Their is something deeply satisfying about traditional tools and learning their use. The axe for the forrest and scythe for the field. One of my favorite tools is my brush scythe with oak handle that fits me perfect. I also have a grass blade but the snath is a bit light so the split birch is for handle replacement.
 
Hans Quistorff
pollinator
Posts: 933
Location: Longbranch, WA
73
chicken goat rabbit solar tiny house wofati
  • Likes 1
  • Mark post as helpful
  • send pies
  • Quote
  • Report post to moderator
OK here is my scythe collection.


Next I will add more comparison between the scythes and my Wauna Blade.


Edited by moderator to fix youtube link.
 
Thekla McDaniels
gardener
Posts: 1888
Location: Grand Valley of Colorado's Western Slope
98
  • Mark post as helpful
  • send pies
  • Quote
  • Report post to moderator
Well, I can't see the scythe collection, just the saw blade on a stick video. interesting tool, but I don't think my electric string trimmer would like it.

Thekla
 
Posts: 236
14
  • Likes 1
  • Mark post as helpful
  • send pies
  • Quote
  • Report post to moderator

Thekla McDaniels wrote:maybe some one can help me. Five years ago I bought a scythe and snath . I did not know which snath to get so I got a curved one, and I can't seem to get the handle adjusted just right. I have used it, and I do like it, but I don't do it like these guys in the video.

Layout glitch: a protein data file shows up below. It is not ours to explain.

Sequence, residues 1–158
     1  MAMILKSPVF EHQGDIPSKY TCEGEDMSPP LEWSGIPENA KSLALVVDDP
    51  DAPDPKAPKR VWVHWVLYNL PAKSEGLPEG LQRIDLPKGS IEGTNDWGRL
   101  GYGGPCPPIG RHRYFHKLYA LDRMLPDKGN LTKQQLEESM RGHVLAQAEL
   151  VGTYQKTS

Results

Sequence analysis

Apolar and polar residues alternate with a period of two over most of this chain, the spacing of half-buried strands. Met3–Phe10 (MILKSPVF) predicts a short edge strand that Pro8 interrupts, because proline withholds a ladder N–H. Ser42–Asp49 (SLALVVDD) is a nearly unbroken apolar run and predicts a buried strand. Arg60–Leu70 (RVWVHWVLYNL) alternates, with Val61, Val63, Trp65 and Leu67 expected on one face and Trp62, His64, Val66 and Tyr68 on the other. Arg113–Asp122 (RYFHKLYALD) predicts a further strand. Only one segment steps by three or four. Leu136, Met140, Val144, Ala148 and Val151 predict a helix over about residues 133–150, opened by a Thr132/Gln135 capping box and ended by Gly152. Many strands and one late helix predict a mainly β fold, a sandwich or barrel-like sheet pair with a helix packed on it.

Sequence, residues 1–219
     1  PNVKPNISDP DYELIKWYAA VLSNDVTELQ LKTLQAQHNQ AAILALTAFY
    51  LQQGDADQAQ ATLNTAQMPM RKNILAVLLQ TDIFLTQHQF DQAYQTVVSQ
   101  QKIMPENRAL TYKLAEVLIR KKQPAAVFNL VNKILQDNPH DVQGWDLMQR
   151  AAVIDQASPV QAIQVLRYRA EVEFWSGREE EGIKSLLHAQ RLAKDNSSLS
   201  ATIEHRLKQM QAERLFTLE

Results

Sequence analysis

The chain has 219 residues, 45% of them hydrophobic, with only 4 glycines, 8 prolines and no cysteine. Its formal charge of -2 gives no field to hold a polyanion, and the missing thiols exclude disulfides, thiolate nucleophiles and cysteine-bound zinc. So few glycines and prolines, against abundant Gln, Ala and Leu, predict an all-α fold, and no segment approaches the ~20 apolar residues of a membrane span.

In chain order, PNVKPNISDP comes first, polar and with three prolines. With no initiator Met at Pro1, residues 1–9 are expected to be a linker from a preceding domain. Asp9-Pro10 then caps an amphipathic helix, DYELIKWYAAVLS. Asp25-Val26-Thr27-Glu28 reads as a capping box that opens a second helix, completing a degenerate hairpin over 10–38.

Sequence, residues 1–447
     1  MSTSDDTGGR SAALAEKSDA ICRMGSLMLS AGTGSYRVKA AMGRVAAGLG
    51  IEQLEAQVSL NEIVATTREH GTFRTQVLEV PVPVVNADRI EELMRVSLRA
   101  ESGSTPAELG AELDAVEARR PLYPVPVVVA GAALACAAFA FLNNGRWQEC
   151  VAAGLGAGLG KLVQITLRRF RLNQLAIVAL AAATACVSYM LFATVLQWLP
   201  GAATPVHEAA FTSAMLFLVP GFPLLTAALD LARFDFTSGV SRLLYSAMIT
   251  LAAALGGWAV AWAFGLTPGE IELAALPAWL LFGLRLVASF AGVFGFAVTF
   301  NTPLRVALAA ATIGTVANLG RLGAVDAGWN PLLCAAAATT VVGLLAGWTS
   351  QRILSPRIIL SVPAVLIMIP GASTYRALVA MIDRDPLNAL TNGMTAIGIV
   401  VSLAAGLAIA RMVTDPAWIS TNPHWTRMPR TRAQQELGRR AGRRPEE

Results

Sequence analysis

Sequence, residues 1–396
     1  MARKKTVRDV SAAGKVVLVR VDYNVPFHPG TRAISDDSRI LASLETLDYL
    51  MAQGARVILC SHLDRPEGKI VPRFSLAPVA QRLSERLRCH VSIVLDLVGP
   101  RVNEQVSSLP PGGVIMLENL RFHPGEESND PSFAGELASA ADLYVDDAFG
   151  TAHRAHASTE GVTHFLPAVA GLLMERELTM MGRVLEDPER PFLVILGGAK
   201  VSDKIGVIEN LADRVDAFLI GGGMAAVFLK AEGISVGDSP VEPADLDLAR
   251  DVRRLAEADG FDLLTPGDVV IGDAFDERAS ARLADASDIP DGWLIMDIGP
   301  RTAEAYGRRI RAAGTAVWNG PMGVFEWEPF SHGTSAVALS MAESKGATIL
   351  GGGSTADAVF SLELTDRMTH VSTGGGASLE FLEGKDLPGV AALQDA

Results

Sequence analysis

I need to know where I should place the handle that is closest to the blade, in terms of balance, and which way it should be facing. I think if I could ever get the tool balanced, and the handle stabilized, I could develop the swing, then maybe the trim waist would show up!

Then, I need to know where to get the sharpening jig thing I heard about. I mean, don't you peen the edge and that lasts through several sharpenings? And what is a fair price to pay, and how do you use the jig?

I would LOVE to be able to use it well.

Thanks.
Thekla




Hello, Thekla! Sounds like you, perhaps, got an American pattern scythe? If so, you might find my introductory guide on the tool to be handy. Many like to position the lower nib (grip) at the height of the ball of the hip and the upper nib one cubit up from that (the length from your elbow to outstretched fingertip) but I take a slightly different approach and set the upper nib so it just barely tucks under the arm when standing bolt upright, then the lower nib one cubit down from that. The end result is close to the same for most folks, but I find that it's easier for people to find the under-the-arm height than it is for them to find the right hip socket height.

 
Thekla McDaniels
gardener
Posts: 1888
Location: Grand Valley of Colorado's Western Slope
98
  • Mark post as helpful
  • send pies
  • Quote
  • Report post to moderator
Hi Benjamin,

Thanks for the details. I'll get my scythe out on Tuesday, try the adjustments you suggest, and also photograph it.

I'll post the results and (possibly ) more questions
Thekla
 
Benjamin Bouchard
Posts: 236
14
  • Mark post as helpful
  • send pies
  • Quote